In addition to contacting local representatives, Australian Online Solutions encourages concerned individuals and businesses to join and support organisations including Electronic Frontiers Australia (EFA), GetUp and The Pirate Party Australia. The immediate availability of a limited number of sponsorships for founding members of The Pirate Party Australia is also announced for those who want to get involved but, for whatever reason, cannot afford the membership fees in this difficult economic environment. To take advantage of this opportunity please contact membership@pirateparty.org.au with a brief explanation of your situation.

“Anyone who cares about their future and that of their children and grandchildren should take action now”, said Johnston, who applied to both The Pirate Party Australia and Electronic Frontiers Australia (EFA) in response to Senator Conroy’s announcement. “The government’s gift to us this Christmas was draconian censorship, so let’s return the favour in helping The Pirate Party Australia attain official status by acquiring 500 exclusive members”.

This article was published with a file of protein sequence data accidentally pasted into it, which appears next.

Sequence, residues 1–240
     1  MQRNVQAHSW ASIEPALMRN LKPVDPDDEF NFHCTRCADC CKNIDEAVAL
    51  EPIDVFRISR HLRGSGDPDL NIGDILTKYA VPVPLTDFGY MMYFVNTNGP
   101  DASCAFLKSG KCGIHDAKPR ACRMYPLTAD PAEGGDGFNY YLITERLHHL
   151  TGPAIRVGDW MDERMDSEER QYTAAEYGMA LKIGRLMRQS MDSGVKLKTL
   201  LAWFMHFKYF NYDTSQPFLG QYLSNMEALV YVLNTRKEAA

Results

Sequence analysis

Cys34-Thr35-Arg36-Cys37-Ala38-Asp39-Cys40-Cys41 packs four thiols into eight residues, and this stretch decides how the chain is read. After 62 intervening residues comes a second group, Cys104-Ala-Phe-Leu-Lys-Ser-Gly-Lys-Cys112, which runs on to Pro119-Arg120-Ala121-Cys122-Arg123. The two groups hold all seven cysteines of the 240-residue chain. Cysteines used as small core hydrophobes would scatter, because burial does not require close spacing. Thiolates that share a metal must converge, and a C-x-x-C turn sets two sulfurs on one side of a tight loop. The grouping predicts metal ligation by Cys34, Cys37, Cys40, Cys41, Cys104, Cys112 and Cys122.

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About Australian Online Solutions Pty Ltd
Australian Online Solutions is a boutique consultancy that specialises in cloud computing solutions for large enterprise, government and education clients throughout Australia, Europe and the USA. Founded in 1998, Australian Online Solutions has over a decade of experience delivering next generation Internet-based systems and is a pioneer in the cloud computing space, whereby technology previously delivered as hardware and software products are delivered as services over the Internet. Cloud computing is Internet (‘cloud’) based development and use of computer technology (‘computing’). For more information refer to http://www.aos.net.au/

About The Pirate Party Australia